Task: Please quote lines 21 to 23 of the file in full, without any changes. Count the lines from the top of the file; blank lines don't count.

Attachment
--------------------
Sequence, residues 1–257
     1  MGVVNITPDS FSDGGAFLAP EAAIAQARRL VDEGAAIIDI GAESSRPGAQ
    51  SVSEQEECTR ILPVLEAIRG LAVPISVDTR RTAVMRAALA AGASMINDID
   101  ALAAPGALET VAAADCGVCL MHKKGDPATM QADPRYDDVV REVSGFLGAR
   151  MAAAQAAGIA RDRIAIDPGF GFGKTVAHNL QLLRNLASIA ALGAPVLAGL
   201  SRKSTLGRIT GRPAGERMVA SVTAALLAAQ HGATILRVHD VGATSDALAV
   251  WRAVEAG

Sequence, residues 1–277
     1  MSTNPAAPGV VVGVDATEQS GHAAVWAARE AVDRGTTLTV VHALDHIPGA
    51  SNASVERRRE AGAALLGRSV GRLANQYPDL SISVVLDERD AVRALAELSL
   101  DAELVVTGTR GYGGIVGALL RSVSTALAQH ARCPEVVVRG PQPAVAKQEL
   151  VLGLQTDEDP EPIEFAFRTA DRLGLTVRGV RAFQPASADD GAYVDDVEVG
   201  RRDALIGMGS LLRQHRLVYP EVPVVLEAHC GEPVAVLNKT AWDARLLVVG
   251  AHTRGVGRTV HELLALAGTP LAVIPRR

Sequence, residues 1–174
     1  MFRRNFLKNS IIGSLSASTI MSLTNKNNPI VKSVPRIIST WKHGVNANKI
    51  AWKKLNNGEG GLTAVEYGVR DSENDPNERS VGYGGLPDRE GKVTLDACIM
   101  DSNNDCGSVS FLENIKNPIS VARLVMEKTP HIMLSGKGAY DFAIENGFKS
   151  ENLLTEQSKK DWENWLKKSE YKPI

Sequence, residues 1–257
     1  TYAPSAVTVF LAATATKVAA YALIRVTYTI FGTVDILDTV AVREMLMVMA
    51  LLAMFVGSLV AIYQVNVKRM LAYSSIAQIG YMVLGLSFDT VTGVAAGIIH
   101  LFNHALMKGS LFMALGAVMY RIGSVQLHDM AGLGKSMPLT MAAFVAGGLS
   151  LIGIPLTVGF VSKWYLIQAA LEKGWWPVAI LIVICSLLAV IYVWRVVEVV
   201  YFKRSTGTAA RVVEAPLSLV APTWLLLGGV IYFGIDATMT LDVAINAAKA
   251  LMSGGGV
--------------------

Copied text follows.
     1  TYAPSAVTVF LAATATKVAA YALIRVTYTI FGTVDILDTV AVREMLMVMA
    51  LLAMFVGSLV AIYQVNVKRM LAYSSIAQIG YMVLGLSFDT VTGVAAGIIH
   101  LFNHALMKGS LFMALGAVMY RIGSVQLHDM AGLGKSMPLT MAAFVAGGLS